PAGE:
In decades past, the Ovaltine’s neighbourhood was far different. Hastings Street lit up with neon signs, Woodwards was a major department store, and people from all over the west coast would come to the only restaurant and sit at the counter for fresh fish and chips. The Ovaltine was part of that era, and managed to survive through the area’s decline, but just barely. "I have to tell that it wasn’t doing so well before Grace came along. You could come in here any day of the week and you’d be lucky to find one other person."
Julie attributes the Ovaltine’s revival to its new manager.
I think people just followed Grace. People who used to go into Save On Meats all the time, although people came from all over the city to Save On Meats, the ones you saw there the most were the people who came on very limited, very small fixed incomes and would buy three pieces of ham, and two of roast beef and that would be it. Now you have people that come here. The food’s pretty good here. It’s very much, I’d say pedestrian, but the burgers are great and breakfasts are wonderfully large and they certainly fill the hole in somebody’s belly when they don’t have a lot of money.
A lot of the people who eat here live in SROs or other buildings in the neighbourhood, or are street people. Julie explains, "The Ovaltine fills a crying need. There’s a thousand free places to eat down here, but here you’re not getting it for free, it’s not being handed to you. You feel a little bit different when you come in here. You order a meal and you pay for it. You feel like you are part of the real people. It’s a different place for them. They are ordinary people when they come in."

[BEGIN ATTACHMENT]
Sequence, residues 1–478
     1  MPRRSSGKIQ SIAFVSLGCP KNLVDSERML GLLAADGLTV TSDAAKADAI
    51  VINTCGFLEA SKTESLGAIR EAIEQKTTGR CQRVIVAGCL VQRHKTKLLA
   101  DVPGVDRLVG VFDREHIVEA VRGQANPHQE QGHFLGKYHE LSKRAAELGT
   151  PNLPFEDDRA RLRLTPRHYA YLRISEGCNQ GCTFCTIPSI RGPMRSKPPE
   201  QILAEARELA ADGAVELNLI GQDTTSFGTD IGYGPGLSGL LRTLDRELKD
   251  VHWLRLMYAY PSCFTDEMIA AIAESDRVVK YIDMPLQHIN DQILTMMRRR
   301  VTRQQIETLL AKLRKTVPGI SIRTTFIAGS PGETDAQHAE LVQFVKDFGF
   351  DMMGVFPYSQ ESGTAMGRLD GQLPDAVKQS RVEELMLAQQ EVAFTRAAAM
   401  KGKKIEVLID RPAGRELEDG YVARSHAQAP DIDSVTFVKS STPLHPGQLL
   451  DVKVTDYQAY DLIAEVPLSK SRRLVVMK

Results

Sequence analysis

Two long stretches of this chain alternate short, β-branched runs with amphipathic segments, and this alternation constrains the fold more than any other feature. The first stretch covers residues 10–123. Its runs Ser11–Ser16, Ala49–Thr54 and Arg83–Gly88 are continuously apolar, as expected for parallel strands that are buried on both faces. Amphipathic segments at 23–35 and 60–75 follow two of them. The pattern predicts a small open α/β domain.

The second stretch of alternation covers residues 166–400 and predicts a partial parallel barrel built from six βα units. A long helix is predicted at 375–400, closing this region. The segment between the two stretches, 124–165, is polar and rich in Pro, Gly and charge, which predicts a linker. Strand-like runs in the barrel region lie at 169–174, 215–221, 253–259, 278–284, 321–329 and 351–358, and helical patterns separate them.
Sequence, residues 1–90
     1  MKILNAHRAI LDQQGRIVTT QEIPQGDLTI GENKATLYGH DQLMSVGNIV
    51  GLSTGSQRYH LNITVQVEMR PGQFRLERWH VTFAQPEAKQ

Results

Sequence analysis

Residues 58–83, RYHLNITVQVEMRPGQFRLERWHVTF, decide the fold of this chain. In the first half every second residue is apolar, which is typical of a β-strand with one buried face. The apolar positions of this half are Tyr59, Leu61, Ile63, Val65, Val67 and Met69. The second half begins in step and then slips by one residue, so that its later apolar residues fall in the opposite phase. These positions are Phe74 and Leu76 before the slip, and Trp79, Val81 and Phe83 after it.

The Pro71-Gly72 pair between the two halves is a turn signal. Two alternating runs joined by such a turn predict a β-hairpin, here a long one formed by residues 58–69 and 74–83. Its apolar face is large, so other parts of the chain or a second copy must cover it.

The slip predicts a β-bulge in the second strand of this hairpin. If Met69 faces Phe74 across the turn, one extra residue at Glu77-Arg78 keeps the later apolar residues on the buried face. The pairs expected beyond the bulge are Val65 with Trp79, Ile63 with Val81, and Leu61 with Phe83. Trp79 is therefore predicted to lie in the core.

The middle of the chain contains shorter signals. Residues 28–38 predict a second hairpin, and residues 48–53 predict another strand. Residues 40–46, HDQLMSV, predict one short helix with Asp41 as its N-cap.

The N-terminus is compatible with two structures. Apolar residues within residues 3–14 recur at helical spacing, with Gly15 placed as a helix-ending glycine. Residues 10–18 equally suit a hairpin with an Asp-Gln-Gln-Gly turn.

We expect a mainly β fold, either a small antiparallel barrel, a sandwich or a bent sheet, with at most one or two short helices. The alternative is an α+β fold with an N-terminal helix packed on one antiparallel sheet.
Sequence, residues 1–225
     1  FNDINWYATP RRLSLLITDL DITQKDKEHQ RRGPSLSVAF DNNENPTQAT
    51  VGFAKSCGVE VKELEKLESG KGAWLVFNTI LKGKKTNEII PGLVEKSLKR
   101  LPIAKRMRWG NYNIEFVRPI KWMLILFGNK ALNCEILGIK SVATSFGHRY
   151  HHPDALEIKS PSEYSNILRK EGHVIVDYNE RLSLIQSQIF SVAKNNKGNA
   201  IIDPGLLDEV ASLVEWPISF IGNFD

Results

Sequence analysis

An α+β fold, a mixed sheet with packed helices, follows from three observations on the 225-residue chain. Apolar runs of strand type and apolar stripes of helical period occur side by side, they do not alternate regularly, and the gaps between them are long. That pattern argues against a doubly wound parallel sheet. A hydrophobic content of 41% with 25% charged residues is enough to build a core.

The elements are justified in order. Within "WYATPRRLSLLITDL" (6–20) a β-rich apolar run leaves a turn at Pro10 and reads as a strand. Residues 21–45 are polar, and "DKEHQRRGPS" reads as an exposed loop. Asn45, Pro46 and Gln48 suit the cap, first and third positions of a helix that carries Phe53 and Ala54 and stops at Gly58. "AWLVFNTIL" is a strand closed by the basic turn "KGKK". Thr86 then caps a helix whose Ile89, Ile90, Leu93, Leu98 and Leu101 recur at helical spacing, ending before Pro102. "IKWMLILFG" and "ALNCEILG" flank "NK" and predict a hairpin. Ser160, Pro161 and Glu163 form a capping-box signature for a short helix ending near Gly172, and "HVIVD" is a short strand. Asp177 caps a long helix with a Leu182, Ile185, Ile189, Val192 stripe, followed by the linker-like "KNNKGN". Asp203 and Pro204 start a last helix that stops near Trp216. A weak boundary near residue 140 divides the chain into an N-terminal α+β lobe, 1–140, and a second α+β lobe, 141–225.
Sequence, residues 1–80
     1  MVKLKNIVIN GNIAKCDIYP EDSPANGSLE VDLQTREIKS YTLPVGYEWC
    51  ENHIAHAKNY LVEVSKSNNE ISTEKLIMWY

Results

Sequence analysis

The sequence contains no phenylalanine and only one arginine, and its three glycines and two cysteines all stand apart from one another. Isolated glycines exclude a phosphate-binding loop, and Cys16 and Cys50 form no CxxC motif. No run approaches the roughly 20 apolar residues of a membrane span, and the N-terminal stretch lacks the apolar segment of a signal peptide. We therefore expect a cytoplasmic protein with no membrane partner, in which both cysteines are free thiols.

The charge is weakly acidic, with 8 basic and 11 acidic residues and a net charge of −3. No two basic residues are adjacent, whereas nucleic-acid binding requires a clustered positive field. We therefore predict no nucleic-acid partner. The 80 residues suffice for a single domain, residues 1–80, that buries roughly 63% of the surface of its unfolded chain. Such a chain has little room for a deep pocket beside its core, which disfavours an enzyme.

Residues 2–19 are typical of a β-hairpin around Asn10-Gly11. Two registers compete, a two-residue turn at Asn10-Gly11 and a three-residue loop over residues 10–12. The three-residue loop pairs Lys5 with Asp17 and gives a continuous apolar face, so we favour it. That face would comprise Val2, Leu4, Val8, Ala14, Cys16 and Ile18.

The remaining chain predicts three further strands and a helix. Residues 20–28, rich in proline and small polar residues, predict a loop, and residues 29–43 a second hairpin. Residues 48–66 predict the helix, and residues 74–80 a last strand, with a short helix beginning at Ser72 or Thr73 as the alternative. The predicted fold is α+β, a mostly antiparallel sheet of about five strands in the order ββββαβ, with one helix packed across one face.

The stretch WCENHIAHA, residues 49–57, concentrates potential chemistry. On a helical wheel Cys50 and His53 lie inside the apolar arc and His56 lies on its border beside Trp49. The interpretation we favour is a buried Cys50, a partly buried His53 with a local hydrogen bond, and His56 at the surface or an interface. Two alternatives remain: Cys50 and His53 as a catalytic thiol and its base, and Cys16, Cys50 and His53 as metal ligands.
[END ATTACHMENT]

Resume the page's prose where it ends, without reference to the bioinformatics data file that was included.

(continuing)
The Ovaltine’s reputation in the neighbourhood definitely helps it. Most storefronts on this part of Hastings have heavy metal bars or grates over their windows, but the Ovaltine’s large front windows are unprotected. Julie says, "If the window got broken, it would probably be accidental, because people don’t really bite the hand that feeds them, unless the hand that’s feeding them slapped them on the side of the head."
I don’t need them [bars on windows]. The street people are nice to me. In the morning, when I open the door, to clean up the front, the people there just say, ‘Okay, I’ll help you.’
However, the neighbourhood around the Ovaltine is changing with a new wave of gentrification, with new expensive restaurants and residences that threaten to displace the local community. Grace says people have made offers to purchase the restaurant or the entire building. "I don’t think they would make a big change but I think they would make the price go up and that would push the poor people out. I cannot do that. I know the money is good for me but that’s not what I want to do." She intends to expand the Café’s nighttime hours and continue serving the community.
The sample dish was the ¼ pound burger with American cheese, sautéed mushrooms and a green side salad. While the burger’s white bread bun was not at all substantial, the beef patty was thick, well-done and flavourful, which combined well with the sautéed mushrooms and the creamy American cheese. The side dish was a green salad consisting of shredded iceberg lettuce, with sunflower seeds and raisins in Caesar dressing. The combination made a tasty and satisfying lunch or dinner, and certainly cost less than a comparable meal elsewhere.
Meet The Photographer: Ricardo Vacas
Ricardo Vacas, owner of the firm Kerp Photography, always showed intense interest in many forms of creative arts. His professional photography career started in his home country, Spain, where he was the official photographer of several music bands, models and clothing brands. He decided to move to Wellington, New Zealand in 2012, knowing his real interest was fashion photography more than any other field. Currently living in Vancouver, Canada, he now combines his fashion, editorial and commercial photography projects with regular trips to Europe and USA.